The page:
Press Release
September 29, 2014

Drilon assures passage of economic measure,
mulls special session in 2015 to pass economic bills

Senate President Franklin M. Drilon today expressed readiness to recommend to the President the holding of special session in order to enact a number of economic measures which will improve business climate, boost investment and ensure the nation's macroeconomic and fiscal sustainability.

"If we cannot make a substantial progress to our economic legislative agenda by March 2015, I am prepared to recommend to the President that we convene Congress to a special session in May and June 2015 to pursue our economic reform policies," said Drilon, who was the guest speaker during the Management Association of the Philippines' General Membership Meeting today.

"The 2016 elections can wait. We have work to do," he stressed.

Drilon told the business leaders that upon the resumption of session in October, the Senate will shift its focus on a comprehensive package of reforms that will improve the business and investment climate, apart from the enactment of the 2015 national budget and the proposed Bangsamoro Basic Law.

This reform package includes the proposed amendment of the Build Operate Transfer Law "to create a better enabling policy environment for Public-Private Partnership."

"To attract foreign investment, we have set our sights on cultivating a business environment that allows foreign investors to engage in a wider array of financial activities, to comply with reasonable and expedient regulatory requirements, and subsequently earn fair and equitable return of their investments," said Drilon.

The Senate leader assured business leaders that the Congress is looking into the looming power shortage in the summer of 2015. However, Drilon maintained that the request of the President to authorize him to contract additional generating power must not be done in haste and must be the "last resort".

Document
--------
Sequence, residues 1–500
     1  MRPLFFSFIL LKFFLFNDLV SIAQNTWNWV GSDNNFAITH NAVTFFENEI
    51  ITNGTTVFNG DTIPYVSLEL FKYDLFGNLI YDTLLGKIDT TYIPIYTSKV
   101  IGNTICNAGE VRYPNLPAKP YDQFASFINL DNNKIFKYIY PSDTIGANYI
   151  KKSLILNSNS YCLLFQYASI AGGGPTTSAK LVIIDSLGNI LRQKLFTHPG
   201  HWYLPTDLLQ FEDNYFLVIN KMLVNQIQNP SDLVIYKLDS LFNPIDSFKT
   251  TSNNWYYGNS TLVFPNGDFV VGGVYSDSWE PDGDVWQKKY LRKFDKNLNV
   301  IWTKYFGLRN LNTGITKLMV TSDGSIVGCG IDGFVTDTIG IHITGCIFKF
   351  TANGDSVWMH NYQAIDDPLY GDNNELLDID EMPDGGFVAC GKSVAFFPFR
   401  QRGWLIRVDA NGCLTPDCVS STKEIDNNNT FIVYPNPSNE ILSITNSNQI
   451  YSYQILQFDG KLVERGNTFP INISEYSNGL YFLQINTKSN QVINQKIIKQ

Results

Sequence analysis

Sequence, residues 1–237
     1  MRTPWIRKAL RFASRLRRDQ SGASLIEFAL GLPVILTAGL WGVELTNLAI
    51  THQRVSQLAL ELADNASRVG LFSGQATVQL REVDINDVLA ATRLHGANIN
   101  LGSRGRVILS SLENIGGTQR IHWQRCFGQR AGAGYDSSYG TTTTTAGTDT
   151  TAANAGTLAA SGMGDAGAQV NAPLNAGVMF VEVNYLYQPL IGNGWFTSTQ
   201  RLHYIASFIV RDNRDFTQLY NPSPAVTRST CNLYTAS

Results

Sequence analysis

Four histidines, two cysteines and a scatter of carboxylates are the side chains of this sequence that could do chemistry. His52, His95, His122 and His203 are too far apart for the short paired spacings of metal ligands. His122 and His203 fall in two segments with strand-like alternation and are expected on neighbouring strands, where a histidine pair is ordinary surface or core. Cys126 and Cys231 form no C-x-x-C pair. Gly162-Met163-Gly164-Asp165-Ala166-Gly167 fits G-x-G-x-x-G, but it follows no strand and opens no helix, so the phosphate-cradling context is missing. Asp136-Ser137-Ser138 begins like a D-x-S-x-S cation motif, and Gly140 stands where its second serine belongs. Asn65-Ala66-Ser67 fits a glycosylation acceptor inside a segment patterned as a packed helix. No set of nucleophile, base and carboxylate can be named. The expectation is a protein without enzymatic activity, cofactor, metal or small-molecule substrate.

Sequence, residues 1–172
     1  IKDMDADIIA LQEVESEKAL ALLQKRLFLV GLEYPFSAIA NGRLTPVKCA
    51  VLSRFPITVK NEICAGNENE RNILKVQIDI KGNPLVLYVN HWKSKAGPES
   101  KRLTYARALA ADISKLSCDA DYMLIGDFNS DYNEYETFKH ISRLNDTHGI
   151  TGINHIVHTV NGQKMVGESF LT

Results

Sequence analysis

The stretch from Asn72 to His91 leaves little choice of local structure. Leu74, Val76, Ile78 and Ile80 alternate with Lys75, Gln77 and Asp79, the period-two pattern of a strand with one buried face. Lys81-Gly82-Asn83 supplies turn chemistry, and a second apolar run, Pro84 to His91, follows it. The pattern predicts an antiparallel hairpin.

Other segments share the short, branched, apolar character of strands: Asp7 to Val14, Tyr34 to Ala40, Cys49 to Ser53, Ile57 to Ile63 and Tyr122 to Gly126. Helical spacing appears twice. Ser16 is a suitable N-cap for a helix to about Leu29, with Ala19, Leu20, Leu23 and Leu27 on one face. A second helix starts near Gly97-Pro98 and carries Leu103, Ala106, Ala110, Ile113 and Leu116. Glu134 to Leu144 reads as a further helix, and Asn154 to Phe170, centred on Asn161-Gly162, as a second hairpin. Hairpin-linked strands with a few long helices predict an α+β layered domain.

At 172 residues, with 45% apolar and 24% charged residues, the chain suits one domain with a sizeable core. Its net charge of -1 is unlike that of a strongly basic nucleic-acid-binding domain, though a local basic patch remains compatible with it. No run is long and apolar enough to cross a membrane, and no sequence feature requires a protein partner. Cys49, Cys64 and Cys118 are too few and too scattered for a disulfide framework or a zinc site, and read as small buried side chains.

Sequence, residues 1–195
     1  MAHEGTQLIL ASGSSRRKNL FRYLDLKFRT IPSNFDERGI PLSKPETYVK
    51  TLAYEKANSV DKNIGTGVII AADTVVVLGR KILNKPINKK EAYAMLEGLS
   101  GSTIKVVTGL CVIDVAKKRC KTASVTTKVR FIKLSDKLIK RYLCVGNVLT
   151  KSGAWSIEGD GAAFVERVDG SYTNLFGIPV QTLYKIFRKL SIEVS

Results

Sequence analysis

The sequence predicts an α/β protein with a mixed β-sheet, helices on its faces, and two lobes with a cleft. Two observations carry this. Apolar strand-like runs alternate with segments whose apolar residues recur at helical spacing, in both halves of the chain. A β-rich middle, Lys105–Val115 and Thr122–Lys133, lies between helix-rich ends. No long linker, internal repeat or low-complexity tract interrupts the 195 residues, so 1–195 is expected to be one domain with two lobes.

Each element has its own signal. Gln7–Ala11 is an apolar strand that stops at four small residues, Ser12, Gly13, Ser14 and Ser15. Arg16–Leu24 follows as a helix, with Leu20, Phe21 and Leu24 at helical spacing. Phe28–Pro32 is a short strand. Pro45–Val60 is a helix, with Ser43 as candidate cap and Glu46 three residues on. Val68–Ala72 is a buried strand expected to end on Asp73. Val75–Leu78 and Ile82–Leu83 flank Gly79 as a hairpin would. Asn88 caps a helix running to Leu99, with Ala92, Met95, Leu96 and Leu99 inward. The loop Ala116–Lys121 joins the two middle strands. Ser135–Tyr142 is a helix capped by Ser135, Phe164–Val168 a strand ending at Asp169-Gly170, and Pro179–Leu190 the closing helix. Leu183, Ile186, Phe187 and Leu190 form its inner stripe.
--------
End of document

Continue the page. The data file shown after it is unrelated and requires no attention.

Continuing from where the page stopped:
"Although there is a need for additional generating capacity, I believe that we must first explore other available solutions to the problem. We can implement various efficiency and conservation measures such as load curtailments (or demand response), an example of which is utilization of the existing Interruptible Load Program," underscored Drilon.

He added that it is an opportune time "to establish a clear energy agenda and to address the growing concern over the perceived inability of the country's power sector to keep up with the growing demand that is intricately linked to the Philippine economy's immense economic growth."

In addition, the Congress will also pass the Fair Competition Act to promote economic efficiency in trade, industry and commerce through the prohibition of anti-competitive agreements, abuse of dominant position, and anti-competitive mergers which distort and restrict competition.

"Having a competition law and policy in place will foster the competitive environment in our national economy. Competition spurs economic efficiency and innovation, and attracts investments, all of which lead to lower prices, higher quality of products and services, and more choices for consumers," explained Drilon.

"Competition law and policy will ultimately bring about a dynamic, sustainable, inclusive economic growth and national progress," he added.

After the Congress allowed the full entry of foreign banks in the country, Drilon said the Congress is seriously considering the amendment or repeal of provisions in existing laws limiting foreign equity in areas such as retail trade enterprise, contracts for the construction and repair of locally-funded public works, and rice and corn production, among others.

It also plans to amend the Cabotage law to allow foreign-registered vessels to engage in coastwise trade in the country. Drilon explained that the amendment is being proposed to open the market to competition, bring down transportation costs by sea, and enable the country to fully utilize the supply chains for products.

Also up for discussion in Congress are measures calling for a review of numerous fiscal and non-fiscal incentives and subsidies to foreign and domestic investors. Drilon noted that there are around 186 laws which provide numerous fiscal and non-fiscal incentives and subsidies to foreign and domestic investors.

"We would reassess and harmonize these laws to avoid redundant and overlapping incentives to cut revenue loss," he said.

Drilon added that they are also studying options for the mining fiscal regime with the view of increasing the government's share from mining revenues.

Lastly, Drilon said that the Senate is also open to discussing the proposed constitutional amendment which will allow Congress to formulate economic policies by legislative process. It will also act on the Customs Modernization and Tariff Act to address smuggling and simplify customs procedures for ordinary citizens.

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